The character I look forward to the most, though, is the Dowager Empress. I’d naively pegged her as a well-meaning bt misguided mother and queen, so seeing more of her cutthroat nature has been a welcome surprise. While I think her recent antics aren’t as brilliant as those in earlier episodes, like strongarming the aristocrats into sending their sons to become Hwarang, I’m hoping for a return to form in upcoming episodes. The fallout from her manipulation of Su-ho, and Ah-ro’s father (Choi Won-young) re-entering her life should provide enough emotional material for the character; here’s hoping the narrative side is able to keep up as well.
The other big mystery I can’t wait to unravel is that of Sun-woo himself. Though it could have happened sooner (with less time spent on the fauxcest plotline), I really do appreciate the gradual progression the arc surrounding his real identity has taken, from a nameless warrior also known as “dog-bird,” to dealing iwth taking on his dead friend’s identity, to now revealing his true history. This arc has also brought in another character, Hwi-kyung (Song Young-kyu), and I’m curious to see how his involvement will affect the narrative.
Sarah: The Dowager Empress has been growing on me as well. She’s clearly showing that she has much more than one set of motivations and is balancing the fine line between misguided, protective mother and stereotypical evil queen. It seems like she’s setting herself up to lose control, with the revelations around her relationship with Ah-ro’s father, so I’m looking forward to seeing how that plays out.
Aside from the antics between the groups of friends and their blossoming relationships, the mystery of Sun-woo’s identity is definitely my favorite outstanding plot line. The writers have been doing a great job of spacing information out between the subplots and yet not forgetting about it for too long. While at first, I hoped they would keep up the ruse of him taking on the identity of Sun-woo, and Ah-ro’s brother (and drop the fauxcest plotline), I’m intrigued to learn more about who he really is.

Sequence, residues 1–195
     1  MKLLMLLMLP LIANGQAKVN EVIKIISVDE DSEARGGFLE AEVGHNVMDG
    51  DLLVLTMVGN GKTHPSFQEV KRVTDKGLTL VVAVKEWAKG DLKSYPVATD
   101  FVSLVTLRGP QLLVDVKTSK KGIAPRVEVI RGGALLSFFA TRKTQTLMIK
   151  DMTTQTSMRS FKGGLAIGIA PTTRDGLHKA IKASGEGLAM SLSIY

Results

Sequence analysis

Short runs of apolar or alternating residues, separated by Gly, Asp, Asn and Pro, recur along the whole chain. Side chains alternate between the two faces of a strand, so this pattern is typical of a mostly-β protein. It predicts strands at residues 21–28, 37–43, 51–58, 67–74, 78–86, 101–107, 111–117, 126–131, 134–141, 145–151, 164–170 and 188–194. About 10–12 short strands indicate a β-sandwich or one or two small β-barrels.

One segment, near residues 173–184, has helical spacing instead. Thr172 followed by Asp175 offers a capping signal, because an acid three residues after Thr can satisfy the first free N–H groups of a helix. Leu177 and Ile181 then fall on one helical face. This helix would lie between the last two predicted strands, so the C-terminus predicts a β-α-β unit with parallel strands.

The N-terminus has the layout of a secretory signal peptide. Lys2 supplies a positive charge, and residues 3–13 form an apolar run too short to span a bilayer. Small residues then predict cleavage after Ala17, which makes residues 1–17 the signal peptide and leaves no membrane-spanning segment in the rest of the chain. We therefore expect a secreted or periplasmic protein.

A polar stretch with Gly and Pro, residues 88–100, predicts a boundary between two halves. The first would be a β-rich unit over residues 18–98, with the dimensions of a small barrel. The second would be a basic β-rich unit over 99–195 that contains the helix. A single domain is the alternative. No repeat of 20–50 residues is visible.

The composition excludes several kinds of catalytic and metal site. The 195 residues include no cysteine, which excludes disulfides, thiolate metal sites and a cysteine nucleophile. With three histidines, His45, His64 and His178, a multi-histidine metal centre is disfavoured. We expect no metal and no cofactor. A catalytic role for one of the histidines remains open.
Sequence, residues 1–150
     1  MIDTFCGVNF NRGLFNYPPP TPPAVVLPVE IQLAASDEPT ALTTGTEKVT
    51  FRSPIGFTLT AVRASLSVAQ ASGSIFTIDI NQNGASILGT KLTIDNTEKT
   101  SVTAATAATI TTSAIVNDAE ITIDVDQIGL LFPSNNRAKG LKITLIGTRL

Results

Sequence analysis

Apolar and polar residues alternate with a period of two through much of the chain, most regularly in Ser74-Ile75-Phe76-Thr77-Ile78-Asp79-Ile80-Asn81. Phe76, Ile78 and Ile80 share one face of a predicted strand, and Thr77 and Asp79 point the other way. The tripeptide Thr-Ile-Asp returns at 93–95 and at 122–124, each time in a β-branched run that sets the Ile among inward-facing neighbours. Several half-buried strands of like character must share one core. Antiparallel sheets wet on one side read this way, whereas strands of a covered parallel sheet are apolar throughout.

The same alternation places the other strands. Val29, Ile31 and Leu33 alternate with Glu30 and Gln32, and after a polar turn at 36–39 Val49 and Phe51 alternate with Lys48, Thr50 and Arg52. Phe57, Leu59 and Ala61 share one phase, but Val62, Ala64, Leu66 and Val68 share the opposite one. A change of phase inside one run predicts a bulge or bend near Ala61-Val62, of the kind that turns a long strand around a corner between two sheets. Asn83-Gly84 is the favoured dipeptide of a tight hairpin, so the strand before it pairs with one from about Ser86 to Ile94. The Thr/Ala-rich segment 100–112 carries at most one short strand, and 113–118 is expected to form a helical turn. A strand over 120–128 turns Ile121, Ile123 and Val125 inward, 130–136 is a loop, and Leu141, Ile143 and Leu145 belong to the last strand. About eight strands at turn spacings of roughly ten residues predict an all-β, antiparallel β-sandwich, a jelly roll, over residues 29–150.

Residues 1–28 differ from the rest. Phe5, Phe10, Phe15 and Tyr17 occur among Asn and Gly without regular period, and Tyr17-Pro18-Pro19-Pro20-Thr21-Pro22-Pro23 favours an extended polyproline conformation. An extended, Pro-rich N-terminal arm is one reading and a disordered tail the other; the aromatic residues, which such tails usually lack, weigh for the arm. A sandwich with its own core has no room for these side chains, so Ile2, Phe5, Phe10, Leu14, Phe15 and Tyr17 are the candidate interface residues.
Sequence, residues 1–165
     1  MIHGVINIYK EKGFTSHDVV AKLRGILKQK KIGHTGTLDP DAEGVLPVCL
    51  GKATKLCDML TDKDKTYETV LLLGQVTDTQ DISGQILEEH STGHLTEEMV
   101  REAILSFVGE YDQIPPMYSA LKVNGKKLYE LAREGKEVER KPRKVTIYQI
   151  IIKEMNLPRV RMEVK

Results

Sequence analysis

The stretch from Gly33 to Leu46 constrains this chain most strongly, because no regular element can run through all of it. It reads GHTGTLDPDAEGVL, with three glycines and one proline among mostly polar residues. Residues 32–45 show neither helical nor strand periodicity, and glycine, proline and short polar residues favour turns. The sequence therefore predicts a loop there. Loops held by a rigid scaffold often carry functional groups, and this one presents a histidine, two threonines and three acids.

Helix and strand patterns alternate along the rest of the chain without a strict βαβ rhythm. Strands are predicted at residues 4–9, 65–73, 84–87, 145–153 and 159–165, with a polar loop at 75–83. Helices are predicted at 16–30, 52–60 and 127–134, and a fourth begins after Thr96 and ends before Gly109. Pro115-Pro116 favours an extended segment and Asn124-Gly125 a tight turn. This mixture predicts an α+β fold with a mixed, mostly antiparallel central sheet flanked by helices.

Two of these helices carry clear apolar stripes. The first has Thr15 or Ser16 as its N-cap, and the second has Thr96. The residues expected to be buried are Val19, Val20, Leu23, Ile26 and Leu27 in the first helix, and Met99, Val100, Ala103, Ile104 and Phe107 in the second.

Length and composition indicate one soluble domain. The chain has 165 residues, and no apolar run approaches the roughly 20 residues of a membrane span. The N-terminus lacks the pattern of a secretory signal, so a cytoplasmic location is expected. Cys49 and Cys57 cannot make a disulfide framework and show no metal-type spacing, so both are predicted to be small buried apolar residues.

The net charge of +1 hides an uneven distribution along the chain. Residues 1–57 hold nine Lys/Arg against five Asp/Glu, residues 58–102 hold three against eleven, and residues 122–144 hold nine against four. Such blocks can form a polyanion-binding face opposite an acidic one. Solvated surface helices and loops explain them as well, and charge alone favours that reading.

I’m still unclear about what role Hwi-kyung will play, and what his relationship with Sun-woo is, but it makes it pretty clear that Moo-myung is connected to the Sacred Bone in some way. I have my theories, but I’ll save them for after we learn more. I’m looking foward to revelations that could drastically change Sun-woo’s relationships with the other Hwarang, especially his slowly blooming friendship with Ji-dwi (Park Hyung-sik), and I only hope that it’s all given the thought and emotion it deserves.
I’m also very much looking forward to learning more about Dan-se and Han-sung. The play between Dan-se and Pa-oh as “same-age friends” is hilarious. I’m glad we’re seeing more of the upright and serious military-arts master. Dan-se could use someone who can ruffle his feathers a bit, and Pa-oh similarly needs to be able to let loose, so they’re a match made in heaven. With Dan-se and Han-sung, we have two brothers who clearly love each other a lot and look out for each other, but maybe not in the way the other really needs. Again, this is a storyline that I hope gets the time and attention it deserves.
And we’re back to where we started – already more than half-way through the series and there are so many loose ends. Hopefully things will wrap up cleanly and satisfyingly, and not get lost in the number of sideplots. We’ll see if things pick up in the next few episodes.